The gallery’s new site-specific commission – by Portuguese artist Leonor Antunes (b.1972, Lisbon) – is the artist’s first solo exhibition in a public gallery in the UK.
Antunes creates sculptures that respond to the architectural and historical context in which they are presented. Her works often reference overlooked figures in the history of Modernism, particularly female architects, artists and designers including Anni Albers, Ruth Asawa, Lina Bo Bardi, Eileen Gray and Greta Grossman. Examples of traditional craft techniques, such as hand-knotting fishing nets or the braiding of leather horse bridles, can be seen throughout the artist’s body of work.
Taking its title from British architect Alison Smithson’s description of how young people bring together elements of style to define their identity and social allegiances, Antunes gathers references to overlooked figures in the history of twentieth-century architecture, art and design, particularly women. Antunes’ new commission is informed by two sculptors who lived in London — British artist Mary Martin (1907–69) and Brazilian artist Lucia Nogueira (1950–98). Antunes has undertaken extensive research into both artists and their practice, and while both were known for their sculpture, Martin also made works on paper and weavings and Nogueira made jewellery.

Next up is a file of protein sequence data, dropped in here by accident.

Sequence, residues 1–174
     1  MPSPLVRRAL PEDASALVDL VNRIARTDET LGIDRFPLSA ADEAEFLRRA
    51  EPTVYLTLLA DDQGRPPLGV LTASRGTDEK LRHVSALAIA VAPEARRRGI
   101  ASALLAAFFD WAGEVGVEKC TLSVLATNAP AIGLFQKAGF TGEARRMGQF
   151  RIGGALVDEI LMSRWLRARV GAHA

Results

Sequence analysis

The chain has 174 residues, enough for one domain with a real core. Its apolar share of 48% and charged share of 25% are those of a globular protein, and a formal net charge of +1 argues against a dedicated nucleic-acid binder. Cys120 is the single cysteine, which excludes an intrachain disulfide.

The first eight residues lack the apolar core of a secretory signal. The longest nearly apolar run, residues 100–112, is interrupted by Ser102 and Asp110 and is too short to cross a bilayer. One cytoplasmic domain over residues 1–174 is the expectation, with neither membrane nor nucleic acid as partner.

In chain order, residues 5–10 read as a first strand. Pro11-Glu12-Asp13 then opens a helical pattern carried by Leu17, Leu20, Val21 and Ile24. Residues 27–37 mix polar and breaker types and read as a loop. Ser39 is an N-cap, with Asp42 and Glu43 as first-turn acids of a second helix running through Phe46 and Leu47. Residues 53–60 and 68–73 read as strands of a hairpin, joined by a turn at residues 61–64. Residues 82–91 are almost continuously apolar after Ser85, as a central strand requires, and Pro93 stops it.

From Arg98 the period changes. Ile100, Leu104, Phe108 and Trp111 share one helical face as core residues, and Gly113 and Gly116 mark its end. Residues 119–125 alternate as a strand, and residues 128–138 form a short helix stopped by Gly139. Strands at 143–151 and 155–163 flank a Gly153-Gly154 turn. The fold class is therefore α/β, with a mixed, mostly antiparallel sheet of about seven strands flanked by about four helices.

A number of hanging and floor-based sculptures made from materials including metal, leather and rope fill the space, illuminated by lights designed by the artist. The gallery floor is covered by an enlarged geometric pattern based on a drawing by Martin, and is made of cork and linoleum. Taking the form of open grids, the sculptures serve as screens or dividers, creating layers and influencing the viewer’s experience of the space.
Lucia Nogueira created artworks using materials collected, adapted and juxtaposed with other everyday objects, found in the street or in junk shops. Examples of her jewellery are presented in sculptural glass display cases by Danish designer Nanna Ditzel (1923–2005).
Leonor Antunes said: “I am interested in the dialogue that a specific craftsmanship establishes within a certain perspective of modernity — particularly how architects/designers engaged with the vernacular — revealing not a nostalgia for a world before modernism, but rather a legacy regarding a belief in the artwork as representing an ongoing engagement in a process.”